The results have been unpredictable, just as they have been with the men (hello, Sam Querrey making a Wimbledon semifinal; Kevin Anderson playing Pablo Carreno Busta in a U.S. Open semifinal; Hyeon Chung and Kyle Edmund making Australian Open semis; Marco Cecchinato making these just-concluded Roland Garros semis). However, women’s tennis has produced the compelling major finals men’s tennis has failed to deliver. Just compare the two Roland Garros finals we witnessed over the weekend.

More than that, women’s tennis is crowning the new champions men’s tennis is failing to produce.

Since the start of 2010, men’s tennis has created only three first-time major champions: Andy Murray at the 2012 U.S. Open, Stan Wawrinka at the 2014 Australian Open, and Marin Cilic at the 2014 U.S. Open.

Ever since Serena stepped away from the sport in early 2017, the WTA — in a span of five major tournaments — has exceeded the men’s total of first-time major winners this decade.

Jelena Ostapenko last year at Roland Garros; Sloane Stephens at the U.S. Open; Caroline Wozniacki in Australia; and Simona Halep this past Saturday in Paris have all crossed the threshold. If the men — #ATPLostBoys — can’t pass the baton to younger generations just yet, the WTA is doing exactly that, and in supremely entertaining fashion. What is even more noteworthy: The players at the center of the WTA’s balanced distribution of signature championships are removing significant what-if burdens from the sport.

2018 Roland Garros - 24 May

Both Images taken from – Jimmie 48

Ostapenko is the outlier in the group, but Stephens has answered questions about who will be the next American player to follow in Serena’s footsteps — not to the same extent, of course, but certainly in terms of being a constant threat to do well at the biggest events in the sport.

In 2018, Wozniacki and Halep have both removed the eight most oppressive words in tennis or golf from their necks: “Best player never to have won a major.” The unpredictability we all expected in women’s tennis once Serena stepped away has been the happiest, most productive unpredictability one could imagine. The combination of entertainment value and redemptive stories has been off the charts.

The flow of life on the WTA Tour has been so cathartic and inspiring that after Wozniacki and Halep removed burdensome labels from their careers, there’s no similarly acute example remaining of a player currently in contention at majors who is trying to banish her demons. Karolina Pliskova, at 26, is the oldest player without a major in the current WTA top 10. As she gets to age 28 or 29, her story might become more poignant, but as someone who has made only two major semifinals and only one major final, Pliskova doesn’t have the accumulation of memorably painful defeats both Wozniacki and Halep absorbed before those two finally broke through. Wozniacki’s and Halep’s respective triumphs this year carried so much impact because the tennis world was aware how often they had climbed the hill, only to be knocked down to the valleys below. Pliskova’s story doesn’t carry the same weight — not yet. The WTA has written the two foremost feel-good stories it possibly could have authored in 2018.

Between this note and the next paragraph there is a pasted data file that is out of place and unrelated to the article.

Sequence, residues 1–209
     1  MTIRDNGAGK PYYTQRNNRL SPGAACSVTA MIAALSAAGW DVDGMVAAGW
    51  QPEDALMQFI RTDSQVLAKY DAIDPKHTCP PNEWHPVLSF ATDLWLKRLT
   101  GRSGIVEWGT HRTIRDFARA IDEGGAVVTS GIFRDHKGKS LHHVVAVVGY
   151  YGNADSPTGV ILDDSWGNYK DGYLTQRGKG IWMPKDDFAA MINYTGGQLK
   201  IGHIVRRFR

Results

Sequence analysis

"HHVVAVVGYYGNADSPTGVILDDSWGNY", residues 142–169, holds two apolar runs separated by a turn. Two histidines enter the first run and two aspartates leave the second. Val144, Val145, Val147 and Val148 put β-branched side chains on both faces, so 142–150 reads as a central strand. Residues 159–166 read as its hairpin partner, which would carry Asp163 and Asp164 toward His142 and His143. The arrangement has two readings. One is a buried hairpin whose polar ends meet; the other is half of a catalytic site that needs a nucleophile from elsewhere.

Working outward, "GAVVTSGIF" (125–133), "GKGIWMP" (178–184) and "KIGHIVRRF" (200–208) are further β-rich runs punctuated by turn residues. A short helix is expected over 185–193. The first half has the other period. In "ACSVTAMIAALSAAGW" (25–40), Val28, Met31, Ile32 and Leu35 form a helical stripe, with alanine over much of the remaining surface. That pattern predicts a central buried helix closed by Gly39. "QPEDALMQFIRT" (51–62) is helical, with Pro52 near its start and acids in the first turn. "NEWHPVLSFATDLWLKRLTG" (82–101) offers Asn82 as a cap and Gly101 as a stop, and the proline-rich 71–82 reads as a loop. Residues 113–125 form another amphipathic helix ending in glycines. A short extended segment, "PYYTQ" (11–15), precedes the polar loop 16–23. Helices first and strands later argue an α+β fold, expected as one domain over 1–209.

The one still-active player on the WTA Tour who can legitimately claim to be the “Best Player Never To Have Won A Major” is Agnieszka Radwanska, now 29 years old. However, she is outside the top 25 and hasn’t been a top threat at the majors for roughly two years. (She lost to Serena in the 2016 Australian Open semifinals.) Among active players in contention at the year’s biggest tournaments, no first-time major hopefuls carry the promise of hope or the weight of longing to the degree Wozniacki and Halep offered.

In an age when so many sports teams — internationally and in America — are winning their first huge championships in their respective realms of competition, the WTA is in step with the times. That the WTA’s evolution has coexisted with a high quality of play and gripping major finals shows that this version of socialism — wide and relatively even distribution of resources — works in practice, not just in theory.

We will see at Wimbledon if it continues.


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Testigos de la grandeza

Saqib Ali



Briana Foust

Mientras veía a Rafael Nadal intentar completar el tercer set de la final masculina de Roland Garros a la vez que resistía un calambre en su mano izquierda, de repente, comprendí algo que me impactó: cada pequeño detalle debe darse para que un jugador encuentre el santo grial del tenis, también conocido como ganar un gran título de grand slam. No puede haber ningún accidente.

Ningún conductor ebrio, como el que frenó a Thomas Muster, ni un fanático desequilibrado, como el que interrumpió el curso de la vida de Mónica Seles. No puede haber ninguna lesión, como las muñecas vulnerables de Juan Martín Del Potro o ninguna distracción que pueda causar algún problema personal. Ni siquiera se puede sufrir un lapsus de concentración porque eso le abre la puerta a rivales hambrientos que siempre están trabajando para mejorar. (more…)